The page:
PEKIN DUCK By far, the most popular duck for the meat producer, these ducks are fast growing with a good feed conversion.
Available starting in April these little ducklings are often portrayed as those adorable little Easter ducklings.
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ROUEN DUCK Originating from France this Rouen Ducks are remarkable similar looking to the more popular Mallard. One significant difference however is that the Rouen is said to have the most flavorful meat. As layers they are moderate often producing eggs that are greenish in color.Click for prices & availability dates.
are similar in size to the Rouen and are very hardy ducks. They were developed in an area called Pomerania which comprises the coastal regions of Germany, Holland and Belgium. For many years this area was under the Swedish throne. As there are several written references to the breed in the 1850s, development probably occurred in the 1830s and 1840s. Same as the Blue swedish, only Black
The Cayuga breed is thought to have been developed from the wild Black Duck breed in the region of Lake Cayuga in New York. This makes it one of the few duck breeds originating in the United States. Prior to the arrival of the Pekin breed, they were the bird of choice for meat production in the Northeast. Once the Pekin arrived with its white feathers and cleaner appearing carcass, the Cayuga quickly lost its appeal. They remain a very hardy duck and many of their eggs have varying degrees of gray in the shell color. On rare occasions they will lay a pure black egg.
Available May 3 – June 5, 2018
|Pekin Ducks (above):
|| $6.85 Each
|White Danish Geese (below):
Specialty waterfowl available May 24 – June 5, 2018 unsexed only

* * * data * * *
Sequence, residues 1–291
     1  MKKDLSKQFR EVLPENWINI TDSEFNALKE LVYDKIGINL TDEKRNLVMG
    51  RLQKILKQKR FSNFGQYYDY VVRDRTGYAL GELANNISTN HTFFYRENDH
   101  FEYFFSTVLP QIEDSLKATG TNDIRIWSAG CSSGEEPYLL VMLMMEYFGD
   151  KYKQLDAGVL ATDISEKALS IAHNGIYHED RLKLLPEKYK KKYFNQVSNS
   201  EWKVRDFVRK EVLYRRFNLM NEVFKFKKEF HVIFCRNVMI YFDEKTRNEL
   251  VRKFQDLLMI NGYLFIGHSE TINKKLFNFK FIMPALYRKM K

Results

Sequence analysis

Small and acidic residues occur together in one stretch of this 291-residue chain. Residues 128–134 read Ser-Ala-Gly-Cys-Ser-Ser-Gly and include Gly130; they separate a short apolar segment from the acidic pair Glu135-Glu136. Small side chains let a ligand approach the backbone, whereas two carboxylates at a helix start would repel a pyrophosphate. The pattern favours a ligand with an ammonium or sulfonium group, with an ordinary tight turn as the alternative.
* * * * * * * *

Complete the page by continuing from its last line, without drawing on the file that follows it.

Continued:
|White Crested Ducks||$16.95 Each|
|Black Swedish Ducks||$16.25 Each|
|Cayuga Ducks||$15.75 Each|
|Welsh Harlequin Ducks||$16.95 Each|
|White Chinese Geese
Minimum order for waterfowl is 4 per order
Welsh Harlequin Ducks:
The Welsh Harlequin is a fairly new breed, developed by Leslie Bonnett in Wales from two off-colored Khaki Campbell ducklings in 1949. They came to the United States in 1968 and were accepted into the American Poultry Association in 2001 in the Light Duck class. They are becoming a very popular breed due to their multipurpose characteristics. They are calm, inquisitive and excellent foragers. Very popular as they are so calm.
As with the African goose, the Chinese goose originates in China from the wild Asiatic Swan goose. The most distinguishing feature of the Chinese and African geese is their raised knob. Interestingly, the wild Swan goose does not have this feature. It must have been developed after domestication. As the knob is soft skin and not scaly, it is warm to the touch. White Chinese are the most prolific egg laying geese and it is not unusual to have them lay in the fall or winter. Earlier records have egg production of 50-60 eggs per year, with exceptional birds laying 100 eggs. This is now extremely rare, with most Chinese geese laying from 30-45 eggs.
Chinese geese, due to their smaller size and agility, may be the best for weeding purposes. As they love to eat grass, they have been used commercially to rid cotton, orchards, mint and other crops of grasses. If you want them to eat broad leaf weeds, you will need to train them by supplying them cuttings of the targeted weed starting at one week of age until you let them out. Otherwise they will eat the grass and leave the broad leaf plants unless they become very hungry. White Chinese are excellent grazers and can get almost all their nutritional needs from green grass and are very pretty in their pure white feathers.
Back this by popular demand these regal looking birds were a big hit when we had them last. The African is descended from the wild Chinese swan goose in china. This goose is an intermediate sized bird, but very big in character.
White Danish geese are ideal for meat production due to their large size and rapid growth. Its white feathers make it more eye appealing when dressed, and the feathers are great for pillows. The White Danish goose can reach weights up to 25 lbs. live at maturity.